Analytical Procedure: β-cyclodextrin complexes were characterized using solid state 13 C NMR spectrometry. Spectra were obtained at 45.28 MHz on a Bruker CXP 180 NMR spectrometer using the cross polarization (CP) technique with magic angle spinning (MAS). A contact time of 2 ms and repetition times of 2-4S were selected. The magic angle spinning speeds were 3.0-4.0 KHz.
0.5 g of hydrated β-cyclodextrin was dispersed in 5 g of citral in a 250 ml glass jar. 100 microliters of water was added to this suspension and the contents agitated on a Spex (TM) mixer for 10 minutes. This resulted in the formation of micro-agglomerates of about 1 mm size. Excess citral was removed by decantation and agglomerates dried by pressing against tissue paper.
The CP/MAS, 13 C NMR spectrum of these agglomerates was compared with the spectrum of hydrated β-cyclodextrin. A comparison of the two spectra clearly showed significant broadening of the carbon resonances of the β-cyclodextrin. This broadening is because of the displacement of water molecules in the host cavity by the citral molecules, indicating the formation of an inclusion complex. The guest molecule's resonances observed in the solid state complex were readily assigned due to their close resemblance to those observed in solution. It is interesting to note that the intensity of the C-5 signal of the cis isomer of citral was low compared with the C-5 signal of the corresponding trans isomer. Since, the starting guest material had almost equal proportions of both cis and trans isomers, this suggested selective complexation of the trans isomer compared with the cis isomer. This is consistent with published reports for the selective inclusion of a particular isomer of various guest materials. Inclusion complex formation has been employed in the separation of isomers.
0.65 g of hydrated β-cyclodextrin was dispersed in 5 g of citronellal in a glass jar. 100 microliters of water was added to this suspension and the contents agitated on a Spex (TM) mixer for 5 minutes. This gave 0.5-2 mm size agglomerates that were dried as described in Example 1.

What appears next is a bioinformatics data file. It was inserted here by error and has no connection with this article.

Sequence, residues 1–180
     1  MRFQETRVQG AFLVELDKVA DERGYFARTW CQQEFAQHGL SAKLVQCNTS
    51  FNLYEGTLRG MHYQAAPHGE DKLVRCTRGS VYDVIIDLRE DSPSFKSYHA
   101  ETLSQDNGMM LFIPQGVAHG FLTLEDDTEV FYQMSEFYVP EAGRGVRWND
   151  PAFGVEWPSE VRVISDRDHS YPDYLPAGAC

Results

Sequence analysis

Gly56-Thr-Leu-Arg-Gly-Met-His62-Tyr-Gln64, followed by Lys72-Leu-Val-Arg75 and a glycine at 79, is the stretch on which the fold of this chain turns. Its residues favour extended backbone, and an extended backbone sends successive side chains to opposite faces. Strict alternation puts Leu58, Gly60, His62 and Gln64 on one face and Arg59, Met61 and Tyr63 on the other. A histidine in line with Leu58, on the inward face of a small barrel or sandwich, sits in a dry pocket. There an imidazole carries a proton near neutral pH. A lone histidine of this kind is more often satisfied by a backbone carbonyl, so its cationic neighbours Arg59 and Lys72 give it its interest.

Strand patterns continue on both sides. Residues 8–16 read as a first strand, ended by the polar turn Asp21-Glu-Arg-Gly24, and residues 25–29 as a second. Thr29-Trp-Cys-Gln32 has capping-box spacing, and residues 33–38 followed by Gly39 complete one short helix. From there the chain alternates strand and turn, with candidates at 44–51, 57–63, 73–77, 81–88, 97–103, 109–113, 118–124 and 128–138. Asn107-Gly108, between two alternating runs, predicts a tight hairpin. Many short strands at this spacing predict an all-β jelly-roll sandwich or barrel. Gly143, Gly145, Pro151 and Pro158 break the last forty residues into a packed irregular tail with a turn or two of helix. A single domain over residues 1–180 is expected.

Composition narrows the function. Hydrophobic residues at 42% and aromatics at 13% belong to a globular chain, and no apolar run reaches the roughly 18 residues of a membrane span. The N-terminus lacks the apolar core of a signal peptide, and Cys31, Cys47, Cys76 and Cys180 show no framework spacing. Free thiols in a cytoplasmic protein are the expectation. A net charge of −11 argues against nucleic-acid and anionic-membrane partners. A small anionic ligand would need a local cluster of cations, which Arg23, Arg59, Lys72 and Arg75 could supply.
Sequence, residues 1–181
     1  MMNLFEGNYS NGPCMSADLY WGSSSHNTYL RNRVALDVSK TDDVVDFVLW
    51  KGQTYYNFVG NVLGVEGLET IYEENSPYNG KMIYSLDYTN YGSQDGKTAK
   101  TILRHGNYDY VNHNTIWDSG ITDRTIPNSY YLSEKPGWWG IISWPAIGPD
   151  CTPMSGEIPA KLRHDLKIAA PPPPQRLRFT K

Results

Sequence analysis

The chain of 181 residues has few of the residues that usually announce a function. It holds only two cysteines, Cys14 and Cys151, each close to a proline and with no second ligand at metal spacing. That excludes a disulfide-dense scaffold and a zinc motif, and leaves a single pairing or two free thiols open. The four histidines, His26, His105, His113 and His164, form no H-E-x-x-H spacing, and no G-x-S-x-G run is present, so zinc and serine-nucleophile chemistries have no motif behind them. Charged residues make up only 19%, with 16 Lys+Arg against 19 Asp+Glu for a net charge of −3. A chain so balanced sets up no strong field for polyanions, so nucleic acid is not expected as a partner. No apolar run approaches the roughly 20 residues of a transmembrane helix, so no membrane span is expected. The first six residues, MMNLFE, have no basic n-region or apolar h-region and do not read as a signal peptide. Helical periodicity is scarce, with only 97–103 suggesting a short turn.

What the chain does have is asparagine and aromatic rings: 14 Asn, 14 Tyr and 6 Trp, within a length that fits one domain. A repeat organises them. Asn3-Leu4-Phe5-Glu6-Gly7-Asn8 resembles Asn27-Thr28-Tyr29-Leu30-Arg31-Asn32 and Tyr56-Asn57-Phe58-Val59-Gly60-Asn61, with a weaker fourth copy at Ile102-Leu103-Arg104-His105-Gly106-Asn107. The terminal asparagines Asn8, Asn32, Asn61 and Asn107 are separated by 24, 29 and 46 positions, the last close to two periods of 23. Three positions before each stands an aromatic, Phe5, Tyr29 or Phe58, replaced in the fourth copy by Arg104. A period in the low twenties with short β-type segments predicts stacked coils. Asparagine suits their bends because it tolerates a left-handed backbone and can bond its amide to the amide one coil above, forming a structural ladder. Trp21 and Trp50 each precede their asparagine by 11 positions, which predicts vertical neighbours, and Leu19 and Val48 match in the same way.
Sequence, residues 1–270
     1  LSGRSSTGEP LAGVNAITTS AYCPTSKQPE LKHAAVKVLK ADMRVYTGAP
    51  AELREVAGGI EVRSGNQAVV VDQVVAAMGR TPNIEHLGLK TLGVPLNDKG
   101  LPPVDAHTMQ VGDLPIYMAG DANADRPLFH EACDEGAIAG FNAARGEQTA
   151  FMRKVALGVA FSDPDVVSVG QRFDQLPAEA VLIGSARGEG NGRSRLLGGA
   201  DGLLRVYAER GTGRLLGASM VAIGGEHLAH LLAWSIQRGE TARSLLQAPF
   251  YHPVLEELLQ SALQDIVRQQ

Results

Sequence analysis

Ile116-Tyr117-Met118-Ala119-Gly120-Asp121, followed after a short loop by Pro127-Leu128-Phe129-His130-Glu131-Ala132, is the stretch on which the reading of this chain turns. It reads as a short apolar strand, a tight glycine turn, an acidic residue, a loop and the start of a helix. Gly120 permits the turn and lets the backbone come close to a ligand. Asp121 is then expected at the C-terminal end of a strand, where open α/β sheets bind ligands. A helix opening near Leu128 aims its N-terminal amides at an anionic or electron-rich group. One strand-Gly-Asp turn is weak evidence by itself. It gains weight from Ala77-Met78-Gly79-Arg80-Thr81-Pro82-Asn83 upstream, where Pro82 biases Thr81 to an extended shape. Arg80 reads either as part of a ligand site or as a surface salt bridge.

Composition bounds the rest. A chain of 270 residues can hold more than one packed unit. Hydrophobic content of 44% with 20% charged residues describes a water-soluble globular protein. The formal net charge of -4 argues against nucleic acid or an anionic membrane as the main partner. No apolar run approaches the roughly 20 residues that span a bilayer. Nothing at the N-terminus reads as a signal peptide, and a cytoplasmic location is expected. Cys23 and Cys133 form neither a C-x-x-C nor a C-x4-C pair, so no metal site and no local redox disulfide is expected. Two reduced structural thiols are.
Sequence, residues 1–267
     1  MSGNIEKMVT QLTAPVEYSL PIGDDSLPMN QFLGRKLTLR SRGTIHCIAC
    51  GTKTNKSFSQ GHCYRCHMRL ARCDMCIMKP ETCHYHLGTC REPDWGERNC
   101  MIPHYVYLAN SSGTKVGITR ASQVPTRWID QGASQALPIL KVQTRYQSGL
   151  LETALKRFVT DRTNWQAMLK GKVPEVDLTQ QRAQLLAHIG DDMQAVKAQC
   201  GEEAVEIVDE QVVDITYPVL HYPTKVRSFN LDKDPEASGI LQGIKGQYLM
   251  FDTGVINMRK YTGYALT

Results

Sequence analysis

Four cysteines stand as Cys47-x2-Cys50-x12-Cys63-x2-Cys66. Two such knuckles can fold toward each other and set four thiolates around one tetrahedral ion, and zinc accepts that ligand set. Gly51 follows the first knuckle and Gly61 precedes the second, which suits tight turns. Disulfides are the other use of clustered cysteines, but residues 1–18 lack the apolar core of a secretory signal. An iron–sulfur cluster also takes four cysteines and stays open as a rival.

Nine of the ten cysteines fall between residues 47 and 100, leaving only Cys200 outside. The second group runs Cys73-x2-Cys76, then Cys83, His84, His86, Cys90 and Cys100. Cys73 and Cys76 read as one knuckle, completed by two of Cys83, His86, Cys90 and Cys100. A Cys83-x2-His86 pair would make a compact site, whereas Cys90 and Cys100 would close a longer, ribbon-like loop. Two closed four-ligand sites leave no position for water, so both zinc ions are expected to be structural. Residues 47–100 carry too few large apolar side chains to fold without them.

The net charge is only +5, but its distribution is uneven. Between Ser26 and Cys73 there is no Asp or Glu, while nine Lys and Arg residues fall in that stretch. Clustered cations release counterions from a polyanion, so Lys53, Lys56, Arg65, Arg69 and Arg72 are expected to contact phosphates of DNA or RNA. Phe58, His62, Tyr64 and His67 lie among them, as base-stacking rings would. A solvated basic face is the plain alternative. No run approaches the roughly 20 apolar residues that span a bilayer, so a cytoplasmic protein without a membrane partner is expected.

The verification of the inclusion complex formation was obtained by comparing the CP/MAS-13 C NMR spectrum of these agglomerates with the hydrated β-cyclodextrin spectrum and the fact that all carbons from citronellal could be accounted for.
0.5 g of hydrated β-cyclodextrin was dispersed in 7 g of limonene. 100 microliters of water was added to this suspension and the contents agitated on a Spex (TM) mixer for 10 minutes. Microagglomerates of about 1 mm size were obtained that were dried as described in Example 1.
The formation of β-cyclodextrin-limonene complex was confirmed from the CP/MAS-13 C NMR spectrum of the agglomerates.
Wet pelletization has been carried out with three solid guest molecules to form the inclusion complex as agglomerates. One procedure is given in Example 4.
0.3-0.4 millimoles of the hydrated β-cyclodextrin and 0.5-0.8 millimoles of solid guest molecule were ground together in an agate pestle and mortar in the presence of 50-500 microliters (preferably 100-300 microliters) of water. The resulting paste was transferred to a 100 ml Teflon (TM) jar with a screw type cap and a rubber ring for a tight seal. After sealing the jar tightly the contents were agitated on a Spex (TM) mixer for 5-15 minutes when agglomerates of β-cyclodextrin complex with the guest molecules were formed. These agglomerates ranged in size from <0.1 mm to >0.2 mm. These complexes were characterized using solid state 13 C NMR spectroscopy as described previously. Examples of solid guest molecules for which β-cyclodextrin complexes were prepared using this procedure include: salicylic acid, cinnarizine and phenacetin.
It is possible to form the complex and agglomerate using viscous liquid guest molecule material and cyclodextrin by dissolving the guest material in a water-immiscible solvent, adding the cyclodextrin and water and agitating as a slurry. Example 5 is typical.
Tetrahydrocannabinol (THC) was obtained as a solution in ethanol. The ethanol was evaporated and 0.1 g of THC was dissolved in 15 ml of hexane. β-cyclodextrin hydrate 0.2 g and 50 microliters of water were dispersed in the hexane solution, and the mixture agitated in a Spex (TM) mixer for 5-10 minutes. The resulting agglomerates were separated and dried. The dried agglomerates were free of hexane. Inclusion complex formation was confirmed as in Example 1.
Where the guest molecules are gaseous, it is possible to disperse the cyclodextrin particle in a water-immiscible liquid, add the water required for inclusion complex formation and agglomeration, and dissolve a stoichiometric excess of the gaseous guest molecules in the liquid phase before agitation. On appropriate agitation, agglomerates of the inclusion complexes will form. Examples include gaseous aromas or deodorizers.